Finally, when it comes to extreme cases like this one, we have to consider the emotional factors involved. Theoretically, professional poker players are supposed to be risk-neutral, but no one is truly risk neutral. For players as successful as Mercier and Selbst, $10,000 is essentially “fun stakes,” but $1.8 million most definitely is not. Selbst says she felt extreme anxiety in the aftermath of making the bet with Urbanovich and that her bet with Mercier was due to having convinced herself that making a second similar bet would somehow lessen rather than increase the anxiety.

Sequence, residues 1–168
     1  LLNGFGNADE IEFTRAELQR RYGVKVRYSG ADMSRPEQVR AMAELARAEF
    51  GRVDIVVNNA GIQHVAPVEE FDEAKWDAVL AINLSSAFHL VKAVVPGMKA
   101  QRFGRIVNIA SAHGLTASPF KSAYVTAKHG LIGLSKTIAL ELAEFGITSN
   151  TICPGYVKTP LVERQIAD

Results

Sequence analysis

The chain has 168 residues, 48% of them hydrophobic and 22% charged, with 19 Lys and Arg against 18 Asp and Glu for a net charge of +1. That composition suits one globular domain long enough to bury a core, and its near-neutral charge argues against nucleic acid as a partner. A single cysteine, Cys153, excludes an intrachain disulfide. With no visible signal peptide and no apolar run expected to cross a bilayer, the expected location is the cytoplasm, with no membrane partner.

That’s about the most degenerate thing I’ve ever heard, but it illustrates the problem with looking at these bets the same way as ones with more typical odds. Flipping a coin multiple times or playing lots of tournaments does indeed reduce your variance, it’s true… but when you’re praying to dodge a bullet, trying to dodge two at once is not an improvement. For her sake, I hope this is not a lesson Selbst has to learn the hard way.
Alex Weldon (@benefactumgames) is a freelance writer, game designer and semipro poker player from Montreal, Quebec, Canada.